Sage Therapeutics says the FDA has signed off on an astonishingly short clinical development pathway for postpartum depression which may allow for an approval after a pair of tiny Phase II studies which are already underway.
These two mid-stage studies — 202B and 202C — will read out in the second half of next year. And Cambridge, MA-based Sage says that the minutes of its FDA meeting make clear that the biotech only needs to make a few small adjustments, including an increase in sample size, to make these studies registrational.
If successful, Sage would be on track to seek out an approval in 2018. And its shares jumped 8% on the news.
According to clinicaltrials.gov, the two Phase II studies combined were set to enroll fewer than 100 patients — the kind of trial size you might expect to see for a very rare disease. The biotech is looking to build on some excitement triggered by their first tiny study.
In an email to Endpoints News, CEO Jeff Jonas says that transitioning to a pivotal effort will require about 200 patients in both studies. And the biotech is also opening up sites in the EU. But Jonas cautions against reading too much into possible implications for other biotechs.
We designed the earlier programs in the hopes of achieving this expedited review. We felt that many factors justified an efficient development strategy. In brief, recall that SAGE-547 is based on a naturally occurring compound, has had a reassuring safety profile with a couple hundred patients exposed to the drug across multiple settings, has a short half-life, and is administered only over 60 hours in a medical setting for PPD. So we view this (as) a decision specifically based on the data package available regarding SAGE-547.
The green light, though, comes at a time that the FDA is attracting increasing comment for its willingness to fundamentally rewrite the rules on drug development in favor of the developers. As a “breakthrough” therapy, SAGE-547 is expected to get quick handling at the FDA. But regulators have maintained a high bar on studies related to depression, where the placebo effect has frequently scuttled clinical trial efforts.
By its own count, Sage is shooting at a disease population of 500,00 to 750,000 women in the US alone who suffer from PPD each year.
Paul Matteis at Leerink looked at the implications for Sage:
We assumed a (very) late 2019 launch previously – with just $3MM in 2019E PPD sales – thus, the updated guidance, including a 2018E NDA, may move sales a full year ahead. SAGE noted that “other minor modifications” have been asked by the FDA, but most importantly, the clinical endpoints of the study – which are standard in depression – remain the same. SAGE also believes it does not need to initiate any other studies beyond those that are currently underway; additional safety data can be obtained through open-label trials. Recall that the PPD program as it was previously outlined totaled two studies (total N = ~100) across severe and moderate PPD. For registration, we had been cautious that a larger safety database – and possibly other studies – might be required given the lack of regulatory precedent in PPD. And while SAGE did not disclosed the finalized (larger N), the ability to still generate top-line data in 2H17 represents a positive on timing, and the totality of the announcement is positive on conveying a clear development path forward.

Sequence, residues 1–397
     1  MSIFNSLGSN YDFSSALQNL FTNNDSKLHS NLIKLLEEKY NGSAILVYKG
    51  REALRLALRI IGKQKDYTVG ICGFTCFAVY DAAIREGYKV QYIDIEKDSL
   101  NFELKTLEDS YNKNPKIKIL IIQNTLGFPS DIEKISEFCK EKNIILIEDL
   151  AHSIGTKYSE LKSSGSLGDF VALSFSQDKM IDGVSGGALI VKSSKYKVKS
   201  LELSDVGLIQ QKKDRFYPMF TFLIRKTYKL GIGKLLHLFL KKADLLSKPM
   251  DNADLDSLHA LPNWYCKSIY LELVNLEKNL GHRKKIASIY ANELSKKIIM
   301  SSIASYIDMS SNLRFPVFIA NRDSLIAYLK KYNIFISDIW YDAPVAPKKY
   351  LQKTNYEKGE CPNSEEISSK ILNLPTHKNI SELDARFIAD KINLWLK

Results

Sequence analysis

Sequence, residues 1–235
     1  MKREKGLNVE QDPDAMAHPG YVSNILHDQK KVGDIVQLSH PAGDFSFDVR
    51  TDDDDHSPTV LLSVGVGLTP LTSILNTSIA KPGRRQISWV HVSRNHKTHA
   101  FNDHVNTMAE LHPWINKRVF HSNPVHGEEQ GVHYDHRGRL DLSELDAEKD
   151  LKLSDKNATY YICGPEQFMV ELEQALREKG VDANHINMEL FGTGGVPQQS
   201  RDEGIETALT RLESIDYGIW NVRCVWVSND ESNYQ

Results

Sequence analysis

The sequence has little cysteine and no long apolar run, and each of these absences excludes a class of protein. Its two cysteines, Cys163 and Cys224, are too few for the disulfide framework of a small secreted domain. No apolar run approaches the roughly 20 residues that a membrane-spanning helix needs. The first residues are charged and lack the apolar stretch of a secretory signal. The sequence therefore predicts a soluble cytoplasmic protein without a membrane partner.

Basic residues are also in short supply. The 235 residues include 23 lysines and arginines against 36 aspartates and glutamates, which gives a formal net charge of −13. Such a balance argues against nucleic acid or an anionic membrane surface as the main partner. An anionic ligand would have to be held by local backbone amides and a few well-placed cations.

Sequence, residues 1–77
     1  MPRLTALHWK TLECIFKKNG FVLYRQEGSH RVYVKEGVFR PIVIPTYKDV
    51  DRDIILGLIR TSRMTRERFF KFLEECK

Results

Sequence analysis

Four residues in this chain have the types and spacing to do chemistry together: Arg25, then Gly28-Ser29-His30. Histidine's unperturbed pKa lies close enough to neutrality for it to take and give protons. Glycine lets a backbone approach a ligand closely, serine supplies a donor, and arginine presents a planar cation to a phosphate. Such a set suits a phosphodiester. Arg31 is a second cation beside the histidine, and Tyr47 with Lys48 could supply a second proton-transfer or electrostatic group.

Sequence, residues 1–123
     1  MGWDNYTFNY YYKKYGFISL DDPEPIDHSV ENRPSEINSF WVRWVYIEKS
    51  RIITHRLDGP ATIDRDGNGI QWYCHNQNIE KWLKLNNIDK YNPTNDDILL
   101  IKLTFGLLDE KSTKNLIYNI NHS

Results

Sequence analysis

Sage, though, has attracted plenty of short interest along the way as it hustled from tiny proof-of-concept studies to registrational studies for SAGE-547.
Sahm Adrangi’s Kerrisdale Capital has singled out Sage Therapeutics $SAGE as a big biotech short seller play, laying out a detailed argument aimed at stoking doubt in the biotech’s rare disease drug while trying to slash the company’s stock price. The Wall Street hedge fund issued a 28-page report last spring asserting that SAGE-547 — also designed to treat rare cases of protracted seizures called super-refractory status epileptics — is essentially doomed, likely poised to fail the ongoing Phase III study or come up far short on a market that’s much smaller than the developer has asserted.
In its last PPD study, Sage said that the drug–aimed at GABAA receptors in the brain–hit the primary endpoint in the Phase II, which involved only 21 patients; and only a few patients actually got the drug. Investigators tracked a 60% remission rate at 60 hours with a 30-day follow-up.
Remission, Sage reported, as determined by a HAM-D ≤7, measured at 60 hours, was seen in 7 of 10 of the SAGE-547 group compared with 1 of 11 in the placebo group (p=0.008). Similarly, at 30 days, 7 of 10 of the SAGE-547 group and 2 of 11 in the placebo group were in remission (p=0.03).
“We are encouraged by the FDA’s feedback and appreciate their guidance regarding our SAGE-547 development program in postpartum depression,” said Sage CEO Jeff Jonas. “Based on our meeting, we have clear and efficient direction for the expedited development path forward for SAGE-547 to potentially support a New Drug Application (NDA) in 2018.”
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